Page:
The process that envelopes a trial to verdict is like the manufacturing of a product on a factory assembly line: Raw instructions are infused with legal principle and life experience along the procedural timeline to finally produce considered and persuasive arguments.

What makes an advocate great, is the ability to communicate…effectively! Argument that is executed with precision and economy; fashioned in a manner that befits the personality style of the audience; and delivered with self-belief and empathy.

The great can go to any part of an argument at any given moment; the great can swiftly and effortlessly deal with any anticipated response or rebuttal; and the great hold their audience in the palm of their hand from beginning to end.

The great immediately command attention and are simply breathtaking.

What is it that defines you as a lawyer?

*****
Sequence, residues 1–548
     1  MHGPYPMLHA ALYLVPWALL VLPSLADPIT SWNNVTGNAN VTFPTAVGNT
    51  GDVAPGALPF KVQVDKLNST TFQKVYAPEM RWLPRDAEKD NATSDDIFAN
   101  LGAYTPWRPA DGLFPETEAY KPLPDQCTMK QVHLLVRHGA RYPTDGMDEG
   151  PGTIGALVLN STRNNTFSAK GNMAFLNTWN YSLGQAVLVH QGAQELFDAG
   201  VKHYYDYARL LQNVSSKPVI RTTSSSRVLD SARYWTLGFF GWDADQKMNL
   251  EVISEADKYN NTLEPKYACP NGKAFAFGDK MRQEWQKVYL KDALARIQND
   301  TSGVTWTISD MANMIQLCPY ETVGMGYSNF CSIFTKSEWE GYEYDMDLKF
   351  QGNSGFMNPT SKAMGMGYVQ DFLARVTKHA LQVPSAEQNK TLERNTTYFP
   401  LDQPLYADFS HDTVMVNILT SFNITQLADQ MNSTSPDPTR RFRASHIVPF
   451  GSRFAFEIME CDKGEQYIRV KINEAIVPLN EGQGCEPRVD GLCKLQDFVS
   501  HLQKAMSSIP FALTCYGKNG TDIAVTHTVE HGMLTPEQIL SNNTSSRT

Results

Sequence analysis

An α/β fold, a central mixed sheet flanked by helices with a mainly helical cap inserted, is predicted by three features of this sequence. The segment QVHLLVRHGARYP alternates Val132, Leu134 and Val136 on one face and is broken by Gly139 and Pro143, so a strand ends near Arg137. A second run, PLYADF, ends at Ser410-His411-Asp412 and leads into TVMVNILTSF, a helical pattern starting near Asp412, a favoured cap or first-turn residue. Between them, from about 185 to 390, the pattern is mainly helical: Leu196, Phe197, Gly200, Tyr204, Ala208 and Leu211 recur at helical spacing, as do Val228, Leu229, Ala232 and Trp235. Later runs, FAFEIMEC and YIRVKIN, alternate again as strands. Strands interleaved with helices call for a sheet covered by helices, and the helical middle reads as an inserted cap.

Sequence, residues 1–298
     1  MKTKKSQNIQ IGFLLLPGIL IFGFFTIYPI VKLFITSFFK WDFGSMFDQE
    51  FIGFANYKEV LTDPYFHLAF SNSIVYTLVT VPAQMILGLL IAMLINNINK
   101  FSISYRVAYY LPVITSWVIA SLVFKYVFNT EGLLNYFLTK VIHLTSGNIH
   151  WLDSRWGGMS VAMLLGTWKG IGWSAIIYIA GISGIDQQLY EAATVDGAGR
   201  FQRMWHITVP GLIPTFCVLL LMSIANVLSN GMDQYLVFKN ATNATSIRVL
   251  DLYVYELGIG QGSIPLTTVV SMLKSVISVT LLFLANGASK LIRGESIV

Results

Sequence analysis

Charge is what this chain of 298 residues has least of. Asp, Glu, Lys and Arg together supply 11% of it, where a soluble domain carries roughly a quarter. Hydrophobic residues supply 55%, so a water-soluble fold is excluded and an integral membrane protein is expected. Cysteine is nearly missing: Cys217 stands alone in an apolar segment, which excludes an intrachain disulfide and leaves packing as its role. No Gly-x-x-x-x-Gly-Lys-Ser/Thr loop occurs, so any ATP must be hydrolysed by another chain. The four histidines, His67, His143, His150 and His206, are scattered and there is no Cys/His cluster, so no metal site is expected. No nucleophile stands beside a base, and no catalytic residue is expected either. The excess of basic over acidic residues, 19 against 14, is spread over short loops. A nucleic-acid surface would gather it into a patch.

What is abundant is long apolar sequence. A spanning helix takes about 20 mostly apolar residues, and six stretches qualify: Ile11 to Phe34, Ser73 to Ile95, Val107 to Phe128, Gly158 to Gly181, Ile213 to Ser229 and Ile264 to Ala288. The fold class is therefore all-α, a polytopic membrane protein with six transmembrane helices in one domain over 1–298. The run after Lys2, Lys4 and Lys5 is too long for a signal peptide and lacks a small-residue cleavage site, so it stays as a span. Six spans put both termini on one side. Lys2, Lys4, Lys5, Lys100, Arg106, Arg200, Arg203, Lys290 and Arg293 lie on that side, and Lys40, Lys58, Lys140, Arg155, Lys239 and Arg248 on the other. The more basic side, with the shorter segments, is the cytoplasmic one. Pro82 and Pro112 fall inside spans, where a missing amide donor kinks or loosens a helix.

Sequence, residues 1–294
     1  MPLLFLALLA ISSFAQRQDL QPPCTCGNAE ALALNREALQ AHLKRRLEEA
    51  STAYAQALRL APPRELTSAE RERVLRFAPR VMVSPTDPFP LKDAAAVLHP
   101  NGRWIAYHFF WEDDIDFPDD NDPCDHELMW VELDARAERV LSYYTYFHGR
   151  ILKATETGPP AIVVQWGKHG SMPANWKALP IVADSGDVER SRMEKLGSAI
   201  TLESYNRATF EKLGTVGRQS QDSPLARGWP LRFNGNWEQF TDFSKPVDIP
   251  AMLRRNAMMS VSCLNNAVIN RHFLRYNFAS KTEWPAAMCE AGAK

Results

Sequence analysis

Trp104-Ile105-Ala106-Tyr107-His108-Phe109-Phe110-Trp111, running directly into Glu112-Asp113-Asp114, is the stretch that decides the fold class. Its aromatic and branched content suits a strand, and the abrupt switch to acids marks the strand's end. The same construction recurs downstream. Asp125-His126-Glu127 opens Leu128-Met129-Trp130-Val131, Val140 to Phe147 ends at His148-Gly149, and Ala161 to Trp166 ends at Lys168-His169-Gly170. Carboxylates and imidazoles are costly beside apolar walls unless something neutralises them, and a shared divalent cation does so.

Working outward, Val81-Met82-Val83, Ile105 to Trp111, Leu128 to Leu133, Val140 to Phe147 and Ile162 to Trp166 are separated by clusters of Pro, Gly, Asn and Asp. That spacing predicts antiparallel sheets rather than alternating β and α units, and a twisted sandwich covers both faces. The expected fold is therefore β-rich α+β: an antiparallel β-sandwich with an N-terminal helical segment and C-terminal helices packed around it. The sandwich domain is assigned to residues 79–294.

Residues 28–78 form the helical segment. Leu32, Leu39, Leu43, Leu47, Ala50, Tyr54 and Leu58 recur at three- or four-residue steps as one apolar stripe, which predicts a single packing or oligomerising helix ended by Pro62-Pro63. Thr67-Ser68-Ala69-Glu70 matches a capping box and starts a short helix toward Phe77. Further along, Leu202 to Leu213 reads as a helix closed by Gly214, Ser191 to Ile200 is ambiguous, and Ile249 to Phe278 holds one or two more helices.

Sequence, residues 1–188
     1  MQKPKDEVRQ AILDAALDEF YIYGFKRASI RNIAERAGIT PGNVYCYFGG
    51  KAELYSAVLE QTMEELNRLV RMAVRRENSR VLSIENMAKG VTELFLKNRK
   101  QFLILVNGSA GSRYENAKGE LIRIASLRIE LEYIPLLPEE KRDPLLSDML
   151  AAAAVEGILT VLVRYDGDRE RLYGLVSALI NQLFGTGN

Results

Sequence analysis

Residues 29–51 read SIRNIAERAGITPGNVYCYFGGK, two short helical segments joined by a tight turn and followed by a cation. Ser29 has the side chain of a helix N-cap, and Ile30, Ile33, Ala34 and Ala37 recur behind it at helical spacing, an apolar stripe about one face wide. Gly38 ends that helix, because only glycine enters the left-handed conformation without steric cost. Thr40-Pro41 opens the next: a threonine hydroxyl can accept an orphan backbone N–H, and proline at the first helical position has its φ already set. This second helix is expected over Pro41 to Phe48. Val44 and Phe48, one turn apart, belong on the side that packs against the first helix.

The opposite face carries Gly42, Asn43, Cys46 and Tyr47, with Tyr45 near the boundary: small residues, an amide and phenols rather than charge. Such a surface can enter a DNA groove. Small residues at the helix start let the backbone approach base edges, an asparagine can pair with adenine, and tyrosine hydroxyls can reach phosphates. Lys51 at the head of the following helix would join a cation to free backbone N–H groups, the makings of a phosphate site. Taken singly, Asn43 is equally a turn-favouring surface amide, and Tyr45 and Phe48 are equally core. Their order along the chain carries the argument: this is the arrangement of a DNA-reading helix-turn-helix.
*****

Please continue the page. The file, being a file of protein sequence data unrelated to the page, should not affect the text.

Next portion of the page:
To empower a client with a complete ‘grip’ of all procedural, legal and evidential aspects to a case; to dignify a client with realistic expectations; to prepare a case upside down and inside out; to run a case with courage and tenacity; and to finally walk away from a courtroom knowing fairness has dictated and justice has prevailed, makes me proud to be a member of the Victorian Bar.

A tip for maintaining sanity in the law

Find your tribe, your people. A beauty in the profession is the number of like minded others. Find them and share time with them, exchanging ideas, issues and work pressures. Most of all enjoy the unique company of those who share your unique career and have fun. Real happiness is shared!

What are your hopes for the profession?